on 2012-11-15 18:01
(Received via mailing list)
On Thu, Nov 15, 2012 at 10:23 AM, Albert Catal <lists@ruby-forum.com>
wrote:
> Easy and clean, thanks you

If you want/need to prevent "enter" from submitting a form, you are
doing it wrong and you could be be alienating some disabled people who
do not use a mouse and rely on their keyboard.  I know even if that's
not the case, if I ran into a site that prevented me from pressing
enter to submit a form (because I am still a tab, tab, enter person) I
would walk away from that site and probably blacklist it in my
personal DNS.
Ca74c4bd65a890bb31e2fc139427a8d4?d=identicon&s=25 Albert Català (albert_c)
on 2012-11-15 18:26
Jordon Bedwell wrote in post #1084597:
> On Thu, Nov 15, 2012 at 10:23 AM, Albert Catal <lists@ruby-forum.com>
> wrote:
>> Easy and clean, thanks you
>
> If you want/need to prevent "enter" from submitting a form, you are
> doing it wrong and you could be be alienating some disabled people who
> do not use a mouse and rely on their keyboard.  I know even if that's
> not the case, if I ran into a site that prevented me from pressing
> enter to submit a form (because I am still a tab, tab, enter person) I
> would walk away from that site and probably blacklist it in my
> personal DNS.

Hello, My problem is than I'm doing a excel style form, and some fields
have remote calls (onchange) to calculate another fields. And the form
has a submit button, so if user press enter the remote call (ajax call)
is not finished (some times not initiated) when the form is submited and
saved with bad calculated values.
To solve it, I have to do two things:
1 - Prevent enter key (this forum issue)
2 - And,despite this, user can click on submit button faster than field
onchange function is finished. This second issue i still don't know how
to solve it

What do you think?
Do you have the second point answer?

thanks a lot and sorry for my bad english

Albert
A47e0a6beeb9d048ff054fc1c3a97418?d=identicon&s=25 Walter Davis (walterdavis)
on 2012-11-15 19:26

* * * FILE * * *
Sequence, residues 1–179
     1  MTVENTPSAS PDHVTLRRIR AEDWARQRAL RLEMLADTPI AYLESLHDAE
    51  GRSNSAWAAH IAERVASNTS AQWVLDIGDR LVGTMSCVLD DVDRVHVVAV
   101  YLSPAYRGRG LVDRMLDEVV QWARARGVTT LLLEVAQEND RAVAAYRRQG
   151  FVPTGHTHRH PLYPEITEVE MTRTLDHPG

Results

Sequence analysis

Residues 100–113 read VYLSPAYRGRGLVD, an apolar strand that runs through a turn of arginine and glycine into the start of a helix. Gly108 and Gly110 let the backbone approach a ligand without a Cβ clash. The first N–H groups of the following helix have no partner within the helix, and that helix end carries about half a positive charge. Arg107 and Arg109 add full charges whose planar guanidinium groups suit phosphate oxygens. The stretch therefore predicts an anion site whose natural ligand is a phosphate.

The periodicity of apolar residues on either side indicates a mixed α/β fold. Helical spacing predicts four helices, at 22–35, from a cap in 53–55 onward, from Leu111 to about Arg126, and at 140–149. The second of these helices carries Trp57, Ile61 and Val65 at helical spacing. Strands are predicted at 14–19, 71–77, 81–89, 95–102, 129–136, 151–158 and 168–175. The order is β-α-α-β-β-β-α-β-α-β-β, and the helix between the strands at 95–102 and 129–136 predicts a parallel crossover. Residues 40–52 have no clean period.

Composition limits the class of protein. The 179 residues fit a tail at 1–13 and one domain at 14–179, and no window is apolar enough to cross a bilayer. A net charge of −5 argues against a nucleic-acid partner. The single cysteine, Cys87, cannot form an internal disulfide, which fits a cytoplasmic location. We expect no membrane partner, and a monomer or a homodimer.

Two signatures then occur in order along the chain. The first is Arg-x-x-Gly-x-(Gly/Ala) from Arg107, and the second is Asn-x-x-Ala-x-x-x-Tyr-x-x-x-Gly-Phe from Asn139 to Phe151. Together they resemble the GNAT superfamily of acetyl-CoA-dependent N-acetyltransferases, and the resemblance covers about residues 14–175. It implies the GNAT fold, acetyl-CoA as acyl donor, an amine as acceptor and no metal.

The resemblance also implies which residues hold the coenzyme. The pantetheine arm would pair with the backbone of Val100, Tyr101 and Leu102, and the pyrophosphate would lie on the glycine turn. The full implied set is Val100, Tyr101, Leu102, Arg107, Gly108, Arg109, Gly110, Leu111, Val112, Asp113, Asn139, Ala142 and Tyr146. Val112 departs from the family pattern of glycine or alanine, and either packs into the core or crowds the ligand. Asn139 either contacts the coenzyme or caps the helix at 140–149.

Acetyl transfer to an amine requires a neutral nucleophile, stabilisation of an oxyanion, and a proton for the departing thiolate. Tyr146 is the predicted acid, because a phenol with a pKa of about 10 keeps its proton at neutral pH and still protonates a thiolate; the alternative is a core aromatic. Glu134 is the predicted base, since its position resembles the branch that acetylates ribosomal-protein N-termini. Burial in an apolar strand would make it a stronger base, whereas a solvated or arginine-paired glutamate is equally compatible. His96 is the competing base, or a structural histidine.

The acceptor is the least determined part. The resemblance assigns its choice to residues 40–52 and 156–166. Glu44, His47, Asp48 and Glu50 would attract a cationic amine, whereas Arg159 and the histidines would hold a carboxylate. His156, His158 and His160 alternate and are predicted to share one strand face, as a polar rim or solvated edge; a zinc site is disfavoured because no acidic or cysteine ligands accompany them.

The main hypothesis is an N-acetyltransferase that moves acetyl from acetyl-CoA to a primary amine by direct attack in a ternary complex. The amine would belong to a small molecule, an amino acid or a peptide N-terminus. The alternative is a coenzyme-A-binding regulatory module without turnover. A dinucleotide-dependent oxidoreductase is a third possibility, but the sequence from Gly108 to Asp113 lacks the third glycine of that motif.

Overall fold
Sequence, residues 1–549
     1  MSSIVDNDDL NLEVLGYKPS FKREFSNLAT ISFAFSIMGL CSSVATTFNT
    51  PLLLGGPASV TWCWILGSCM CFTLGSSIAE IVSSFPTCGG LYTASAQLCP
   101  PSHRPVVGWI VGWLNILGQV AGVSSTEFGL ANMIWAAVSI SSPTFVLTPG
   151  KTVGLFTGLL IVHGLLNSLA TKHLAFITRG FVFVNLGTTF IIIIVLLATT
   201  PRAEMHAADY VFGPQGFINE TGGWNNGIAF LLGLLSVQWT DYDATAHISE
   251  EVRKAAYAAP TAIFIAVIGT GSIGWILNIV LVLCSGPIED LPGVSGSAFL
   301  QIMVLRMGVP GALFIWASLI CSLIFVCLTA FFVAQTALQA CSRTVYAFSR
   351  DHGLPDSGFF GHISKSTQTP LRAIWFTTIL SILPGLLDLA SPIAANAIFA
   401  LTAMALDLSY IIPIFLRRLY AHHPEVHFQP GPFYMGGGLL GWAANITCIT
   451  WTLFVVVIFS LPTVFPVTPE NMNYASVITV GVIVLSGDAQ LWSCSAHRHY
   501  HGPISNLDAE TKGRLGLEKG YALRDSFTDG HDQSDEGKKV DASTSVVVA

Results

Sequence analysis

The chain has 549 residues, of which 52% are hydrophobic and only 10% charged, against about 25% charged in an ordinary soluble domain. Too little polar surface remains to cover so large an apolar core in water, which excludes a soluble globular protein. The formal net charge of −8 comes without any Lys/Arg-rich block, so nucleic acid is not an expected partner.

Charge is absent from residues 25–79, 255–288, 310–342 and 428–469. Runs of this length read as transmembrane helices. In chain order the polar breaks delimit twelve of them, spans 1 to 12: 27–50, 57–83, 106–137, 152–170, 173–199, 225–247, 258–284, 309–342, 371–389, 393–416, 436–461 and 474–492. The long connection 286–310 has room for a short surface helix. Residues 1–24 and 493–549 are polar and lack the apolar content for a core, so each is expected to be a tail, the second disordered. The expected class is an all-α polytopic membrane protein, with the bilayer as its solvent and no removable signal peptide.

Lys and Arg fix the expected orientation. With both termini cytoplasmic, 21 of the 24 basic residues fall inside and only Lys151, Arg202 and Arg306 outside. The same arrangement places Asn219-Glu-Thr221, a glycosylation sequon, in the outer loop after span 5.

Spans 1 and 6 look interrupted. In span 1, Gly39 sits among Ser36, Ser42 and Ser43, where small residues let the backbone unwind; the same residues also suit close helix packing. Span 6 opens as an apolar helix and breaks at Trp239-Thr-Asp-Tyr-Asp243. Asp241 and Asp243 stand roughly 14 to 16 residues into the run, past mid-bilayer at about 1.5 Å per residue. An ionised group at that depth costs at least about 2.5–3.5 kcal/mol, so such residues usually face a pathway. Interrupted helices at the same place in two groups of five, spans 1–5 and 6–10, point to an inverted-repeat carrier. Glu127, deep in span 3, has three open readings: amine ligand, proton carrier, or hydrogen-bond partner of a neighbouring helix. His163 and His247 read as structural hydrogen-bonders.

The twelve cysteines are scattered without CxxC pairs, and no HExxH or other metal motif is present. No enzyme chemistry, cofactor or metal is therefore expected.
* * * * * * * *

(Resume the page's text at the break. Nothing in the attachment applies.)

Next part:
(Received via mailing list)
On Nov 15, 2012, at 12:26 PM, Albert Catal wrote:

>> would walk away from that site and probably blacklist it in my
> onchange function is finished. This second issue i still don't know how
> to solve it
>
> What do you tink?
> Do you hace the pont 2 answer?
>
> thanks a lot and sorry for my bad english

Your English is guaranteed 100% better than my attempt at your native
language, unless that's Latin (didn't think it was).

What you need to do is use callback functions in your processing
JavaScript to disable the submit button while they're running, and
enable them when they're done. That way if you have blocked the enter
key, the only way the form will be submitted is with a click on an
enabled form button. Here's a quick mockup (I don't know what your
existing cell calculation code looks like).

//stop all submits from the form
$$('form').invoke('observe', 'submit', function(evt){
  evt.stop();
});

//let a click on <input type="submit" id="real_submit" /> send the form
$('real_submit').observe('click', function(evt){
  this.form.submit();
});

//fake spreadsheet code for demo purposes
$$('input[type="text"]').invoke('observe', 'blur', function(evt){
  var elm = evt.element();
  var submits = elm.select('input[type="submit"]');
  new Ajax.Request('/some/endpoint', {
    parameters: {id: elm.id, value: $F(elm)},
    onCreate: function(){ submits.invoke('disable'); }, //can't be
clicked
    onSuccess: function(transport){
      submits.invoke('enable'); //can be clicked
      $('total').update(transport.responseText);
    }
  });
});

That's all written with Prototype.js methods, but you could do similar
in any JavaScript you like.

Walter
Ca74c4bd65a890bb31e2fc139427a8d4?d=identicon&s=25 Albert Català (albert_c)
on 2012-11-17 21:17
I don't know my english but my javascript is very newbie, too much
newbie

¿  Is not this, the same or similar, that disable the sumbmit button at
the begining of   onchange event and activate it at the end?...something
like:

<%= f.text_field :amount, onchange=>"disable_submit();" +
remote_function(...my caculations) +"enable_submit();" ) %></p>

where enable_submit() and disbale_submit() just does what says, activate
and deactivate the submit button

isn't it?

Thanks,

Albert
1b880c4e73638276346e0a003071ac9c?d=identicon&s=25 Ryan Johnson (Guest)
on 2013-12-12 12:26
(Received via mailing list)
Thanks for that Adam, helped me a lot.